A significant number of the Jews who settled in and around Paterson in the first half of the 20th century came from Bialystok, Poland. It was a logical move — Paterson, like Bialystok, was a major textile manufacturing center.
“Something unique happened when Jews immigrated to Paterson in the early 20th century,” David Wilson wrote in his 2012 book, “Images of America: Jews of Paterson.” “Instead of sewing shirtwaists and schmattahs in sweatshops, they came as skilled weavers from the Russian Polish textile centers of Lodz and Bialystok. They brought strong notions of social justice and living righteously; ideas that came alive during the 1913 Industrial Workers of the World silk strike. They raised families, became Americans, and reluctantly moved when the economic base collapsed.
“Despite this, Paterson Jews defend the aging, gritty city as a wonderful place, and they never left it spiritually or emotionally. Former and current residents of Paterson remember and honor the past as a bridge between the present and the future,” Mr. Wilson wrote.
But it’s not just the Jews of Paterson who hold fond memories of Bialystok. A group of non-Jewish Bialystok activists are interested in bringing alive memories of the once-vibrant villages of Poland, reconnecting the diaspora, and helping people trace their roots.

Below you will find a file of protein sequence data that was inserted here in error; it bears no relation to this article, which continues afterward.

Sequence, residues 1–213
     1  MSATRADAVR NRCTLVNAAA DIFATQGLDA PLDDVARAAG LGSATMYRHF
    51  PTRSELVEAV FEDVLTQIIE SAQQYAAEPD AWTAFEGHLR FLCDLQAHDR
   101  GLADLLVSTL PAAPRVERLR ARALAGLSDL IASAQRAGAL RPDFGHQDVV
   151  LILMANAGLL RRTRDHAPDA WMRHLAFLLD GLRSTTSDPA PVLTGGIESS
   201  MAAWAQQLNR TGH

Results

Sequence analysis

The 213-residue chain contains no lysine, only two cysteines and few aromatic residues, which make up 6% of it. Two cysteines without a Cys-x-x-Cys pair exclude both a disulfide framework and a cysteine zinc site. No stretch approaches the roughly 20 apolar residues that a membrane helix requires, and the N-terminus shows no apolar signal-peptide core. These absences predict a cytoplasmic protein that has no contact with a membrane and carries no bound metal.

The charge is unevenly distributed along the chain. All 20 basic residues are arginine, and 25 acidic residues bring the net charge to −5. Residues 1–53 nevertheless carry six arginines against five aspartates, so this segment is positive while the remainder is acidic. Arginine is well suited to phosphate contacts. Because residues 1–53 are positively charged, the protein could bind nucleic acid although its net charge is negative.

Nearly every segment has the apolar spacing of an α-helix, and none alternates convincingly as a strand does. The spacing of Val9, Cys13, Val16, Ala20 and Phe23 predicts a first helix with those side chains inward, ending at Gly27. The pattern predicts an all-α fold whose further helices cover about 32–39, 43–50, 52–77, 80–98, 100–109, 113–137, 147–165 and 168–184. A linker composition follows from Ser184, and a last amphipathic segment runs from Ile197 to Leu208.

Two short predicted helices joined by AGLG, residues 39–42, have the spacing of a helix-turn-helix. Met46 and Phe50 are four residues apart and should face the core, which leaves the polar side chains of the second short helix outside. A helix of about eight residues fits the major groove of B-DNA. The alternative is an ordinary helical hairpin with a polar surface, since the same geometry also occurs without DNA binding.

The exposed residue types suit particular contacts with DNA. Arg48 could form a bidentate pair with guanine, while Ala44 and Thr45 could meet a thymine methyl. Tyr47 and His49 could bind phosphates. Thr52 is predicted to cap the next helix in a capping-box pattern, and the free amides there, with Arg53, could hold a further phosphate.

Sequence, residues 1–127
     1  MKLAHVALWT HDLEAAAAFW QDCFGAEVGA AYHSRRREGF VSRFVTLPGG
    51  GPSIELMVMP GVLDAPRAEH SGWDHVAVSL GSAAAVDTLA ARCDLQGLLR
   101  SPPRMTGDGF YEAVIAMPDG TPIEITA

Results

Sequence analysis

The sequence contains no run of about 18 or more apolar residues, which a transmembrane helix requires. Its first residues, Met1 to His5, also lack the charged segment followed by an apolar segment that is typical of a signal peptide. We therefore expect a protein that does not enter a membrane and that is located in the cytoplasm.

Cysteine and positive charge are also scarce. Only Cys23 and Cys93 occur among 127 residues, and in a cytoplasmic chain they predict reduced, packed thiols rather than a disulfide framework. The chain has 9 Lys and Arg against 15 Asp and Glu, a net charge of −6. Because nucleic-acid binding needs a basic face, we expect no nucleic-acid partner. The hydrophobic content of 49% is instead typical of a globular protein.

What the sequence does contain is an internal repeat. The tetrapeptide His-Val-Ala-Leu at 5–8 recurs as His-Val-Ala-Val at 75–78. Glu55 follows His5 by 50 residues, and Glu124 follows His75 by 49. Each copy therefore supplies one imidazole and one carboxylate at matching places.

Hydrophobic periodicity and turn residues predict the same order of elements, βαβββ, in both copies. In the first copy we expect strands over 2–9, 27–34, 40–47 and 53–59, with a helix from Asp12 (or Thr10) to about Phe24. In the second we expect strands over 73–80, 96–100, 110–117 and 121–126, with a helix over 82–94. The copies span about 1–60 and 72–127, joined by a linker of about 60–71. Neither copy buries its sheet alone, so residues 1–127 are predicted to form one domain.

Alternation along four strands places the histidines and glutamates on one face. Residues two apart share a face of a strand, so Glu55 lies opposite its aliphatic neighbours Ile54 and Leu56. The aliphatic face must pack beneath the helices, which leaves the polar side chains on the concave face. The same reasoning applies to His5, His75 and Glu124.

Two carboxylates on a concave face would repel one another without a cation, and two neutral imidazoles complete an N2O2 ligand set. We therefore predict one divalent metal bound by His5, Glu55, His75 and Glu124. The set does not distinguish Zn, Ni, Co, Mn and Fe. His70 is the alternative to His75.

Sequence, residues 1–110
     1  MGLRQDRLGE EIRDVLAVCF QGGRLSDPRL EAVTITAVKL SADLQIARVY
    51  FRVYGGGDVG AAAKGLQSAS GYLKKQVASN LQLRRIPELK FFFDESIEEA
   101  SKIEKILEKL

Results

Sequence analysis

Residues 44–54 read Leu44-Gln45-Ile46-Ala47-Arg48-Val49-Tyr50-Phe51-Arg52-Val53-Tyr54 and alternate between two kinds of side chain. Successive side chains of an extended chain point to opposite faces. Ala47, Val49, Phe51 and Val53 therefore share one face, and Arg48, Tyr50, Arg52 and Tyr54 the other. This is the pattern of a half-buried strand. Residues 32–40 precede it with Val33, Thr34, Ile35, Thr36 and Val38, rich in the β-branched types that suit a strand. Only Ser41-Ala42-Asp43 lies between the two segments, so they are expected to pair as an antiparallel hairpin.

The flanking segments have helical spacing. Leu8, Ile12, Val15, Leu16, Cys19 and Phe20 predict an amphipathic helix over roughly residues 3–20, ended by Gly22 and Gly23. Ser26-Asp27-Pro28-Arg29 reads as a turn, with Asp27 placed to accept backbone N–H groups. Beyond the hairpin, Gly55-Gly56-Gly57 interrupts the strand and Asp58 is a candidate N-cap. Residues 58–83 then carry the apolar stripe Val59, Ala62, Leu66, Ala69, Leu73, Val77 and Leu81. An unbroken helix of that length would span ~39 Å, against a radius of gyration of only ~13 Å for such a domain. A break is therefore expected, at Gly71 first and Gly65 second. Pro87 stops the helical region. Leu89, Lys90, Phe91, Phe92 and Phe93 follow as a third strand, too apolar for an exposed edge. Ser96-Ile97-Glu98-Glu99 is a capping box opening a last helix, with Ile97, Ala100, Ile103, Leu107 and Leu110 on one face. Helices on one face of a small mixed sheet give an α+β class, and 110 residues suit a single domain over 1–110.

One such honorable man is Miroslaw Reczko.
Miroslaw “Mirek” Reczko was born in 1963 and grew up in the town of Ciechanowiec, one of the most ancient Jewish settlements in Poland.
Mr. Reczko, a devout Catholic, said his only childhood memories of Jews came from stories that his father, Jan, told him. “When my father was a boy, he apprenticed with a Jewish tailor, alongside a Jewish friend,” Mr. Reczko said. “When the war began, he was sent to East Prussia to serve as a tailor to German officers.
“When he returned to Ciechanowiec after the war, there was no trace of his friend or the Jewish tailor.” It wasn’t until February 1945 that his father learned that both his own home and his friend’s had been burned to the ground.
Throughout the last 30 years, Mirek Reczko’s formal education and professional experience as a historian, curator, translator, seminarian, politician, university leader, and hospital administrator have led not only to an impressive and diverse career, but to the realization of a dream.
Decades after the end of World War II, Mr. Reczko has made it his life’s work to discover and preserve the stories of the Jews who lived in hundreds of Polish villages and towns before and during the war. “My desire is to show both groups, Jews and Poles, what really happened to people in this country during the German occupation,” he said. “No generalizations, just the facts.”